Maintainer: Kostas Michalopoulos (2003). Suggested by Florian Xaver.

2003-05-19: Test version 2.12-unofficial released. Earlier v2.00.11 also remains available (see below).

Download SEAL212.ZIP (5.1MB).

Go to the SEAL Home Page for v2.00.11, other programs and info, and to the mailing list for even more info.

SEAL, XSeal and support utils are also available at the XSeal files page.

SWORD - GUI for most DOSes, on high-power machines.


[added 2005-12-09, updated 2006-03-14]

SWORD, the System of Windows for the Organization of the Desktop, provides a Unix/NeXT-style program management and development environment, based on object hierarchies. Originally for MS-DOS, versions 2.10 and 2.11 can be considered finished products, in the sense that they are stable and the download packages contain all of the main and support files needed to run them. Version 2.30 is a major extension, still in development and currently available for testing. It incorporates new graphics libraries, and is designed for compatibility with FreeDOS, with Enhanced DR-DOS, and even with WinXP.

Realistic minimum hardware requirements: 80486, 4MB RAM, 9MB HD space. Recommended: Pentium 90MHz+, 16MB+ RAM, 20MB HD space for serious work. The 16-bit v2.10 compilation might run on an 80386 (not on an 80286), if it's not pushed too hard.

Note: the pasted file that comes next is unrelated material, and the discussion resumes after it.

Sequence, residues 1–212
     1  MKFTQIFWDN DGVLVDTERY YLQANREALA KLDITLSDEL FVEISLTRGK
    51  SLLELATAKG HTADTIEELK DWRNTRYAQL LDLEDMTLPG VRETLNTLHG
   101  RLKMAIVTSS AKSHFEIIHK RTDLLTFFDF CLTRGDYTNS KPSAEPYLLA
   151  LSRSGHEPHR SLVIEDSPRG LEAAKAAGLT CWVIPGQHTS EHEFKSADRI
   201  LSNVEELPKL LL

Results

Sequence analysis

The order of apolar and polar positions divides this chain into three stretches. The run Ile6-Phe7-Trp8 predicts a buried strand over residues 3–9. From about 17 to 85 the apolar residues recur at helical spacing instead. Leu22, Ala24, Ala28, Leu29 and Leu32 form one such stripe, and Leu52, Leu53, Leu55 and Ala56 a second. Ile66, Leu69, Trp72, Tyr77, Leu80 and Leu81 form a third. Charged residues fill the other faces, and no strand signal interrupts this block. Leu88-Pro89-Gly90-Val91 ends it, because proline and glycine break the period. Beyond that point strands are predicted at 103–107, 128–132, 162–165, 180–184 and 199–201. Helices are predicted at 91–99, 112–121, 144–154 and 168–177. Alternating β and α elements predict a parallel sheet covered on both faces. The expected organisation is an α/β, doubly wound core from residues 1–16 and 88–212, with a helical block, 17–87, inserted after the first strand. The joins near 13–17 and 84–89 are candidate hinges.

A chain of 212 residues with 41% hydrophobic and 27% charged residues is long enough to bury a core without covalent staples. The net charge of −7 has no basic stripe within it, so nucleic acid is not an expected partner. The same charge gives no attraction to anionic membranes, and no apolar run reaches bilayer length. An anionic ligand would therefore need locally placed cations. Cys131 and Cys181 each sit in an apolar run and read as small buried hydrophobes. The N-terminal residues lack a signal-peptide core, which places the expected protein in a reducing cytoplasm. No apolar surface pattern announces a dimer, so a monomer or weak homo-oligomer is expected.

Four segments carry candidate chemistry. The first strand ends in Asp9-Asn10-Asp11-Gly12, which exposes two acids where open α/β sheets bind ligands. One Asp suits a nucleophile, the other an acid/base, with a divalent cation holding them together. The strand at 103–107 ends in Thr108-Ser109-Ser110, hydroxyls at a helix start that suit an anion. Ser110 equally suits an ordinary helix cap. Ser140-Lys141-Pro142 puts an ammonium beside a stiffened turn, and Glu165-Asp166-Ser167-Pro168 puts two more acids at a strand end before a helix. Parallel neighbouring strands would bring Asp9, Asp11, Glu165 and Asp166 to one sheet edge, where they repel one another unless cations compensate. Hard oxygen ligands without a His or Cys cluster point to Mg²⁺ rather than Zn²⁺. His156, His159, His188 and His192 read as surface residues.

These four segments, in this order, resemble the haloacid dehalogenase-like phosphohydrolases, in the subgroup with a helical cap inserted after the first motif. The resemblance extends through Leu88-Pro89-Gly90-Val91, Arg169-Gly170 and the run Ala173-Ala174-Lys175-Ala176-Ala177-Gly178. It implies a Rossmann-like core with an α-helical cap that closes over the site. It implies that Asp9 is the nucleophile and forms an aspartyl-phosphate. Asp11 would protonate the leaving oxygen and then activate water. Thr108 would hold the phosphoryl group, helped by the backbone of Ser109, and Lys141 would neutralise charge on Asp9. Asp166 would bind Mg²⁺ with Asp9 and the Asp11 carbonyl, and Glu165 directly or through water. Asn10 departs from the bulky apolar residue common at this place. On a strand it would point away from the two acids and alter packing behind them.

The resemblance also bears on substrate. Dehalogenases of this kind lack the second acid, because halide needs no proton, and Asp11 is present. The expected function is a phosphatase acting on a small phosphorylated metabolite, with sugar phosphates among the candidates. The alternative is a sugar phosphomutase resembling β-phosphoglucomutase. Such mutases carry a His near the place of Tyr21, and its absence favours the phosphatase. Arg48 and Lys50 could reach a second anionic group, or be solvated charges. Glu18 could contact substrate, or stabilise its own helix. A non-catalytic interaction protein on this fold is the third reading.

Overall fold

A few of SWORD'S features:

Comments: Best working version is still 2.11. Most advanced version is 2.30, but it's not finished. Version 2.10 packages are useful if you only want to review the docs, or as samples of compiler capabilities.

Authors: Base code by Eric Nicolas, France (1993-96). Latest (2005) extensions and compilations by Florian Xaver, Austria (2005).


Three compilations: 16-bit TurboC; 32-bit DJGPP v1 (DOS extender built in), and DJGPP v2 [recommended] (requires DOS Protected Mode Interface, from the OS or from CWSDPMI).
32-bit DJGPP v2. Improved LFN support, upgraded graphics library & other fixes.
32-bit DJGPP v2. Test version, still in development.

Binaries, 16-bit
Binaries. 32-bit DJGPP v1
Binaries, 32-bit DJGPP v2
Source 1
Source 2

Binaries, source

Test binaries
Source, docs

Go to Florian Xaver's Sword for Dos / Home Page for news, screenshots and other tools.

Go to Eric Nicolas's Sword Home Page for background info and docs.

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©1994-2016 Rich Green.
©2004-2016, Steve Adelwitz (Short.Stop).